Mother never objected to the family court’s action on the record filed with this court. “It is axiomatic that an issue cannot be raised for the first time on appeal, but must have been raised to and ruled upon by the trial judge to be preserved for appellate review.” Wilder Corp. v. Wilke, 330 S.C. 71, 76, 497 S.E.2d 731, 733 (1998). Accordingly, this issue is not preserved for our review.
II. Child Support
Mother claims the trial court erred in not reducing her child support obligation even though she was no longer employed. We disagree.
The trial court can modify prospective child support awards as circumstances warrant, but usually only upon a showing of changed circumstances, including the ability of a supporting parent to pay. Calvert v. Calvert, 287 S.C. 130, 137, 336 S.E.2d 884, 888 (Ct. App. 1985). Furthermore, “to warrant a modification in . . . child support, the change of circumstances must be either substantial or material.” Id. at 138, 336 S.E.2d at 888. The amount of child support awarded is within the sound discretion of the trial court whose decision will not be disturbed on appeal absent an abuse of discretion. Millis v. Millis, 282 S.C. 610, 613, 320 S.E.2d 66, 67 (Ct. App. 1984).
Mother testified that a doctor from Charter told her she could not work, though she provided no affidavit to that effect. Susan Lineberger, Mother’s counselor, also testified that Mother’s “psychiatric limitations would make it almost impossible for anything except a sheltered workshop setting, you know, where they just work for an hour or two a day.” However, Lineberger made a contrary statement to the unemployment office. Mother discounted her own witness’s contrary statement to the unemployment office that Mother was “okay to return to work on 3-11-2003” by arguing that “Lineberger is not a doctor. She’s a counselor.” Mother also admitted to signing numerous documents at the unemployment office stating that she was able to work.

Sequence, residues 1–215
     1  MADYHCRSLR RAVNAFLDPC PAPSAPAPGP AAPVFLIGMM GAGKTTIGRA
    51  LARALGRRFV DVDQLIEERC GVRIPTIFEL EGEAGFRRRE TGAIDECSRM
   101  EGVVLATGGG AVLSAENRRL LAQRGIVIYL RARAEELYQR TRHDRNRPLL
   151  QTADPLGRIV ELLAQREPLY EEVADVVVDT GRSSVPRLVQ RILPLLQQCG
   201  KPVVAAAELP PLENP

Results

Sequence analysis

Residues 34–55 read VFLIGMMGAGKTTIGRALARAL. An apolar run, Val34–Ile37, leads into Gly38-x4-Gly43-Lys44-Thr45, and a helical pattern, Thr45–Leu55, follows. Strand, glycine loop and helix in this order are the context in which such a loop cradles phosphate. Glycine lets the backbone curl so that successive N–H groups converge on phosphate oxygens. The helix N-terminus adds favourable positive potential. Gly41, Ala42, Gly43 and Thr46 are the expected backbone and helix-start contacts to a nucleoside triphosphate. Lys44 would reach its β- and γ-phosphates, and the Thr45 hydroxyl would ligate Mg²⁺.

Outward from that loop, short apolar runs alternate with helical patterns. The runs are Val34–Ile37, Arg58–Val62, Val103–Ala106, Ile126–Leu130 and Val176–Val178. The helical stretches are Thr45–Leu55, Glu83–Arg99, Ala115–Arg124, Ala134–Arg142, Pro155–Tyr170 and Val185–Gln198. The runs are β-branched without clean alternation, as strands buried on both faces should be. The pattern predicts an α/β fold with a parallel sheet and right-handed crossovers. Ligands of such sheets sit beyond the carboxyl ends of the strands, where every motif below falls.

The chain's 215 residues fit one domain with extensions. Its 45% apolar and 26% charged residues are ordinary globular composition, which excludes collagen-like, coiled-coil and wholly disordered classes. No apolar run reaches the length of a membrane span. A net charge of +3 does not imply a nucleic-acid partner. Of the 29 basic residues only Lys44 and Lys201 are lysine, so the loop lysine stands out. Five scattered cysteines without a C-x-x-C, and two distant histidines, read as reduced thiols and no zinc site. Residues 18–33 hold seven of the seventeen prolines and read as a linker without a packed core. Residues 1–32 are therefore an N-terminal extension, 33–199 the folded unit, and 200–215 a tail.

Although Mother had no income sources other than her family, they contributed significant amounts towards her child support payments and housing expenses. The trial court determined that they could continue to do so. At the time of trial, Mother was also pursuing a social security disability claim, which the trial court recognized had already been denied twice.
Based on this evidence, the trial court was “not satisfied [Mother was] disabled and [could not] work.” The trial court was in a better position to evaluate the parties’ credibility and assign comparative weight to their testimony. Bowers v. Bowers, 349 S.C. 85, 91, 561 S.E.2d 610, 613 (Ct. App. 2002). Therefore, we find the trial court acted within its discretion in deciding to retain the current child support obligation. The order of the trial court contemplated Mother’s situation and provided a reasonable procedure to review and evaluate any changed circumstances in the processing of her disability claim. In its order the court set up a review every ninety days of the status of Mother’s social security claim. We will not disturb this decision.
For the reasons stated herein, the trial court’s decision is hereby
GOOLSBY, HUFF and STILWELL, JJ., concur.
1 We decide this case without oral argument pursuant to Rule 215, SCACR.
2 For a bench trial it would have been an involuntary nonsuit rather than a directed verdict.